Composite restorations, otherwise known as “white or tooth-colored fillings” are your first line of defense when removing small amounts of decay, or replacing mercury (or amalgam) restorations. Essentially, the materials used act as super glue in your teeth, strengthening and supporting your tooth structure with the added benefit of being cosmetically pleasing.
Dental inlays are made from a tooth-colored ceramic material and are used as an alternative to silver or composite fillings. Inlays can be used to repair a damaged tooth but require less removal of the tooth structure than a traditional crown. Dental Inlays can be used to repair decayed teeth, large or broken fillings and broken or fractured teeth.
A dental onlay is very similar to a dental inlay. The primary difference between the two is that the onlay will replace one or more of the chewing cusps on the tooth. Dental onlays are sometimes referred to as partial crowns.
Two appointments are needed for an inlay or onlay procedure. In the initial appointment Dr. Farmer will take an impression of the tooth and prepare it for the new dental onlay by removing any decay or old filling material. The tooth is then cleaned and shaped for the proper fit of the onlay.
On your second visit to our Longmont dental office, Dr. Farmer will bond the new dental inlay or onlay to your tooth and make adjustments for proper bite and comfort.
Once composite restorations (or mercury silver fillings) become larger than the remaining tooth structure, a tooth is weakened and needs a stronger restoration to strengthen and protect it. A crown is a circumferential “helmet” that holds the remaining tooth structure together and protects it from cracking or breaking. In our office, we use ceramic crowns which we bond to your tooth structure and contain no metal. This allows for a very strong, very natural restoration that you may not be able to differentiate from your natural teeth.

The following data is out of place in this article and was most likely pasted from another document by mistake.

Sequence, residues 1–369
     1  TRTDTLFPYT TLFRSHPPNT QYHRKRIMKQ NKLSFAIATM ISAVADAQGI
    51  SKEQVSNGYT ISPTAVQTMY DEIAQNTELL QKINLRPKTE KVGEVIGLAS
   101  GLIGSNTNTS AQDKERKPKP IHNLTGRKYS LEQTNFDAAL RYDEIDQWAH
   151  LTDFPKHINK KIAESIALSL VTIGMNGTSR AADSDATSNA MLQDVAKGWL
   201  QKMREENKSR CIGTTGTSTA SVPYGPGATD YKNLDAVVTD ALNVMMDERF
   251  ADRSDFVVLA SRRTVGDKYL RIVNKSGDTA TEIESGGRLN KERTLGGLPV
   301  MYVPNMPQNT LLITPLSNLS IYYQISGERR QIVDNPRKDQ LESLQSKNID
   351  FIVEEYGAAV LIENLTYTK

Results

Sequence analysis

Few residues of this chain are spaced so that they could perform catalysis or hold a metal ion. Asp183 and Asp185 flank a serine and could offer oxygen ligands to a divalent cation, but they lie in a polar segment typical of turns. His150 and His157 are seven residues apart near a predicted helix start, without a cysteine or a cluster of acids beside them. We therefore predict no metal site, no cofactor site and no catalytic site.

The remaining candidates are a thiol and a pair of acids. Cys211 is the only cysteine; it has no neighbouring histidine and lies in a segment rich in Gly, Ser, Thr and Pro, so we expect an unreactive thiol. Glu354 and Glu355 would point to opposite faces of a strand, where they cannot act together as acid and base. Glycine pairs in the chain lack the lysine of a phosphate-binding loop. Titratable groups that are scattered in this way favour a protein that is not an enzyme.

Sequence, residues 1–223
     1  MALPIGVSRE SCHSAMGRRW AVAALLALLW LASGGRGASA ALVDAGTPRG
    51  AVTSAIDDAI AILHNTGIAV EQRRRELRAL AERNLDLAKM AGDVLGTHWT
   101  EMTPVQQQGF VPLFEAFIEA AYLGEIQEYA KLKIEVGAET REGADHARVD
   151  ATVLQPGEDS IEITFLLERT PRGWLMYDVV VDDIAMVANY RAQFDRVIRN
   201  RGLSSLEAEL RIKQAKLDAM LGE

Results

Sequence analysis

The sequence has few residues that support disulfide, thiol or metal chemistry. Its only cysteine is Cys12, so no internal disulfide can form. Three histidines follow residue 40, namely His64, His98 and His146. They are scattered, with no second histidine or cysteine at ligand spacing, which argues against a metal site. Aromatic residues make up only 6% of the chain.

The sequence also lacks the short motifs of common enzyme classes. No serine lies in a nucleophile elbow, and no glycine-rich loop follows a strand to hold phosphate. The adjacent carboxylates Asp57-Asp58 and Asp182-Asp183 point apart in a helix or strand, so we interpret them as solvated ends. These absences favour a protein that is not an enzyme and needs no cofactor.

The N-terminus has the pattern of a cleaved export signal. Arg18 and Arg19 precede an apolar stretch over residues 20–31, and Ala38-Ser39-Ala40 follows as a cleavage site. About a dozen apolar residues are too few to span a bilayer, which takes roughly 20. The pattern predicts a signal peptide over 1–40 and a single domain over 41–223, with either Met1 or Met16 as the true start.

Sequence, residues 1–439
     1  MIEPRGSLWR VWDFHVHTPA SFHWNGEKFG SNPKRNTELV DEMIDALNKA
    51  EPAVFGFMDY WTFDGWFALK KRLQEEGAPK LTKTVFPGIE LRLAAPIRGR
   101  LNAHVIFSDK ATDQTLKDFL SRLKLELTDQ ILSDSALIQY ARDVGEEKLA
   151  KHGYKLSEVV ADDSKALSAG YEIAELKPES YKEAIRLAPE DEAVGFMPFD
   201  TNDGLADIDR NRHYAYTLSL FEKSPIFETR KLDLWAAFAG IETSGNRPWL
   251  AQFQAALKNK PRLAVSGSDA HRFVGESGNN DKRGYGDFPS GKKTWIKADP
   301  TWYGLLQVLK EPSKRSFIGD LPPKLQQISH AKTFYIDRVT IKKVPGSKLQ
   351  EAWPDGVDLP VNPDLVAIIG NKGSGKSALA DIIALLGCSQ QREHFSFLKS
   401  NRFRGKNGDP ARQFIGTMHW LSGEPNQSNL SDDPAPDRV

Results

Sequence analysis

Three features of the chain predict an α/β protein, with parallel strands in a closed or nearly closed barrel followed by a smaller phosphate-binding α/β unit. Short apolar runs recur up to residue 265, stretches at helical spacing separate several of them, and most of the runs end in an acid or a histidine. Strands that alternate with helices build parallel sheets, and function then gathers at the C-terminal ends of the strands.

Another common reason that a crown may be necessary is if a tooth has developed stress fractures. Cracks and fractures in a tooth travel just like cracks in glass. These cracks can become very painful and, over time, may jeopardize the health and lifespan of the tooth.
A final reason tooth may need crown coverage is if it has had a root canal in the past. Once a root canal has been performed on a tooth, it may become more brittle over time and need more support and coverage to protect the tooth and your investment.
The process of having a crown made requires two appointments with Dr. Farmer. An impression of your tooth is taken and sent off to a laboratory so that the crown can be professionally created. During this time, you will have a temporary crown cemented on your tooth. Once your permanent crown is ready, it will be fitted and permanently bonded to your tooth at a following appointment.
Dentures and Partials